Key takeaways from the Destination International 2018 Advocacy Summit including seven best practices for crisis preparedness and response.
Several members of our team recently attended Destinations International (DI) 2018 Advocacy Summit in Philadelphia, an exchange of ideas and best practices for becoming a more effective advocate for travel and tourism in your community. The DI Advocacy Summit was an inspiring event with leaders from more than 80 destinations gathering to discuss critical and sensitive issues including economic development, crisis preparedness and response, overtourism and tourism management, homelessness, and more.
One of our biggest takeaways from the summit is the evolving role of destination marketing organizations beyond promoting their brand and attracting new visitors. Throughout the week we heard about how destination marketers are also building value in their communities by connecting with local organizations and community members around issues impacting the overall destination experience.
In his presentation, Jackson Johnson, Chief Advocacy Officer of Destinations International shared a new definition of “Destination Marketing Organization” with the group:
A destination marketing organization is responsible for promoting a community as an attractive travel destination and enhancing its public image as a dynamic place to live and work. Through the impact of travel, they strengthen the economic position and provide opportunity for people in their community.
You can read more about the importance of advocacy and taking a value-based approach in this DI policy brief. As a local leader and steward of your community, are you demonstrating your value and engaging in dialogue with local leadership, stakeholders, and community members? Do you see tourism as a catalyst for building opportunities and strengthening community in your destination?
In recent months our team has spoken with several destinations about an advocacy issue that should be top of mind throughout our industry: crisis preparedness and response. At Tourism Academy last June, we organized a conference-wide panel on Disaster Response for DMOs, where several destinations shared eye-opening insights. More recently, we had the opportunity to speak with two members of the Las Vegas Convention and Visitor Authority team, resulting in a forthcoming Destination’s International case study about crisis response.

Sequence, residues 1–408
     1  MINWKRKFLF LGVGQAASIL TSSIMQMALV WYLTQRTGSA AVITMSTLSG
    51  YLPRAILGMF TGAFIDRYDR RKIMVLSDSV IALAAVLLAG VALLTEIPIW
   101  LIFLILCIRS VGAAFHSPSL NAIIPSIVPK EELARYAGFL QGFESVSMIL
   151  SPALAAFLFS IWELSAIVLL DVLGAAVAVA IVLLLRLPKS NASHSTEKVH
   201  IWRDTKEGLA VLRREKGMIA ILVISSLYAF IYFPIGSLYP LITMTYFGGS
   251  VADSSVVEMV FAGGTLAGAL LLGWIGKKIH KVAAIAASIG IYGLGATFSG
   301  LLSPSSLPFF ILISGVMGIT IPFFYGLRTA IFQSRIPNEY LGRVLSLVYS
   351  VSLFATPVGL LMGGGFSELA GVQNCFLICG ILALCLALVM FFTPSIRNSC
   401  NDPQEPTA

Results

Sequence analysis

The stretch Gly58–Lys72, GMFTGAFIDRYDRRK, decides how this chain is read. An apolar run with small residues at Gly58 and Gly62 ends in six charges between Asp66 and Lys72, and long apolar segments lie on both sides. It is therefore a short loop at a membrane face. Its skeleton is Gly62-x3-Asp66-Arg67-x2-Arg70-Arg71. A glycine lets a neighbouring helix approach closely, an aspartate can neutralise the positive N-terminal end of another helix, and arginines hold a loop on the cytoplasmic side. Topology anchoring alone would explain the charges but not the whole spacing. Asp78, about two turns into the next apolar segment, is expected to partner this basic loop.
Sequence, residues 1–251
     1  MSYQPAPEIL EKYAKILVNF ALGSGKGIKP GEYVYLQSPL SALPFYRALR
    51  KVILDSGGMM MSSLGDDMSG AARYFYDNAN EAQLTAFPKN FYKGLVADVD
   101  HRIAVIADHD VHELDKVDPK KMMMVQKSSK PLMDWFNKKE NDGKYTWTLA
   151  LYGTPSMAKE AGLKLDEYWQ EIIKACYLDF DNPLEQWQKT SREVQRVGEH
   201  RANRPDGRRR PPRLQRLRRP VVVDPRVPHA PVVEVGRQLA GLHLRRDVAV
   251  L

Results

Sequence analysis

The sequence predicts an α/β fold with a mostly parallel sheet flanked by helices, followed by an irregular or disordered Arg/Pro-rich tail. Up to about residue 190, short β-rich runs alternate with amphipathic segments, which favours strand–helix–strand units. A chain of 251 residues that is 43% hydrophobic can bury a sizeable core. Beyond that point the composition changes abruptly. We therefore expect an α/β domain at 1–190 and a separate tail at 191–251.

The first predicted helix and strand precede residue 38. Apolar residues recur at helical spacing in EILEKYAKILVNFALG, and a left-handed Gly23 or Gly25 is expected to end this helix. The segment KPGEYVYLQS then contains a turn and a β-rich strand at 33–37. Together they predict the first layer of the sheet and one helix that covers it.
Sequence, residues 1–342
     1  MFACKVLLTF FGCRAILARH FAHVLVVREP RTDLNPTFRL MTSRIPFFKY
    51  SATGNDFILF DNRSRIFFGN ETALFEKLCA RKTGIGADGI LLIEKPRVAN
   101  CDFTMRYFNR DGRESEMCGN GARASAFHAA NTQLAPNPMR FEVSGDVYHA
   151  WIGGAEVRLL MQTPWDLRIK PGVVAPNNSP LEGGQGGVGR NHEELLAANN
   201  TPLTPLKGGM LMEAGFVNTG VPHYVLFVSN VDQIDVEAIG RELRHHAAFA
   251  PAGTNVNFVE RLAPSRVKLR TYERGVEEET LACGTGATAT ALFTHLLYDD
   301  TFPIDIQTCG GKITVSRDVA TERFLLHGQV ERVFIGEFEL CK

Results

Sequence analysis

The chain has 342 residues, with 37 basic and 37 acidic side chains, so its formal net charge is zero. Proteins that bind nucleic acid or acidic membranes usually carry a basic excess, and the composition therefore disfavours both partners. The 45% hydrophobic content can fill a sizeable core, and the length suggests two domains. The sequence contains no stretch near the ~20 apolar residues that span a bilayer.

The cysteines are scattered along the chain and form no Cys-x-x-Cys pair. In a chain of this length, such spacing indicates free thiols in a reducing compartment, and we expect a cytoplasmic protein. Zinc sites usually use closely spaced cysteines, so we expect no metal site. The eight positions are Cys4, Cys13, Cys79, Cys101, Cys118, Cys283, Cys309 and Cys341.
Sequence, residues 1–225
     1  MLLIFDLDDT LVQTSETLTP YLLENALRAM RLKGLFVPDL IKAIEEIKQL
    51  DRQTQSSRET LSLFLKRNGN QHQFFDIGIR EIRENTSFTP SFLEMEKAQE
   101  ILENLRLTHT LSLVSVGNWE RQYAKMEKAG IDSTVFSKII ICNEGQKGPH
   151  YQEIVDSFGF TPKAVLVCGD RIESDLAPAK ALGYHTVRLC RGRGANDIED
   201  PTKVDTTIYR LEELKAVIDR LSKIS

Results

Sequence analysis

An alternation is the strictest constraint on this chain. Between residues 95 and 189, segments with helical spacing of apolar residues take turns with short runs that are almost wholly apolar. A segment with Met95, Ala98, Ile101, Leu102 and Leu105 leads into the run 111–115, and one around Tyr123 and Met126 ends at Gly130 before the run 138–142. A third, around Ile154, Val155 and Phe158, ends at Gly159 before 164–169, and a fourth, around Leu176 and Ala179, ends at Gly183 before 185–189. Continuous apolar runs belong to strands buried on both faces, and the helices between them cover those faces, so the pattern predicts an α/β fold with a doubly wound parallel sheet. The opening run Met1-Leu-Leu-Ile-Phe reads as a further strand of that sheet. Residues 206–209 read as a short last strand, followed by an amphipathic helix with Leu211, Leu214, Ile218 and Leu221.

On the heels of the Advocacy Summit, we'd like to share the top seven best practices for destination marketers to plan for crisis response and recovery:
A crisis communication and response plan is a must. Include meeting locations, roles and responsibilities, and contacts from media organizations, local stakeholders, and local law enforcement and public safety agencies. Regularly practice and review your plan annually or quarterly.
Plan to meet somewhere accessible in the event of an emergency. Choose a location far from your most popular tourist attractions. If your destination is prone to weather emergencies or natural disasters, consider site safety.
In the event of an emergency or crisis, members of your team may be unavailable. When crafting your plan, focus on positions and designate alternate people who can step in fill critical roles.
Listen on social media and conduct market research to understand public sentiment and how your organization can enter the conversation. Through listening, you can also spot inaccurate news stories and contact reporters and media outlets to provide corrections.
Build and strengthen relationships with local organizations including police, fire, elected officials, partners, the medical community, and the media. Outreach and advocacy can reinforce your role as a brand steward for your destination and put you in a position to lead communications efforts during a crisis.
Plan to use your website and social media channels as a hub for strategic crisis communications. If you have convention center space, a mobile visitor center, or other assets, consider how the community might benefit from these resources during a crisis.
Transitioning from crisis response and recovery to regular messaging is a sensitive issue. User-generated content (UGC) can help to show real images and stories of support during recovery. UGC featuring local businesses can also provide gentle and authentic messaging for when the community is ready to move forward and open its doors again.
We look forward to continuing conversations around advocacy and the evolving role of the DMO at this year’s Tourism Academy Conference in Pittsburgh, PA from May 21st - 23rd. Registration will be open soon and we hope to see you there!